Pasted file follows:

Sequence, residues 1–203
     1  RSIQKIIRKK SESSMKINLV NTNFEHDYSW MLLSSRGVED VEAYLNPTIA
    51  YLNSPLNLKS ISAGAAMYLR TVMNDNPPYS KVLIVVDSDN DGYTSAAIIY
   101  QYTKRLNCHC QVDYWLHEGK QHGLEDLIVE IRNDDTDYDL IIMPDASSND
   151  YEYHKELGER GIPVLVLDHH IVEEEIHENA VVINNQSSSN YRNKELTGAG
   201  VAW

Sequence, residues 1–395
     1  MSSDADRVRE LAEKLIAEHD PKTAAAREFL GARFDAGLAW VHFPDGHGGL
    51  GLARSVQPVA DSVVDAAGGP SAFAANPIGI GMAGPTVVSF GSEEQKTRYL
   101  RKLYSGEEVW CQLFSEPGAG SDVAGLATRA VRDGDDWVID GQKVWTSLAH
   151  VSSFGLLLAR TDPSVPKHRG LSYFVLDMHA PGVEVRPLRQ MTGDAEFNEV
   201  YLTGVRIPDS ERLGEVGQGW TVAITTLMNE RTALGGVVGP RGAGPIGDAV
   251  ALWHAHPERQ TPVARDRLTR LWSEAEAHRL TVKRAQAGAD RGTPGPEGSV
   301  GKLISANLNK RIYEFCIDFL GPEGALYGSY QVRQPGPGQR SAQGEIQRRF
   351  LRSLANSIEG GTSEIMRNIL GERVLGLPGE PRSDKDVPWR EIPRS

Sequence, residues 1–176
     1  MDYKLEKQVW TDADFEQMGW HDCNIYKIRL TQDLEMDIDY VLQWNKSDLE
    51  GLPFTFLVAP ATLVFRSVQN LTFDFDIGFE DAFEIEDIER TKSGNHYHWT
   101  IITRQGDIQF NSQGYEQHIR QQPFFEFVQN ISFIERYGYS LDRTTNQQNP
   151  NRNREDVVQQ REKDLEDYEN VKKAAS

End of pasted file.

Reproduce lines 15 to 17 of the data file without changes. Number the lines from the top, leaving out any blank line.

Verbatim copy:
   351  LRSLANSIEG GTSEIMRNIL GERVLGLPGE PRSDKDVPWR EIPRS

Sequence, residues 1–176
     1  MDYKLEKQVW TDADFEQMGW HDCNIYKIRL TQDLEMDIDY VLQWNKSDLE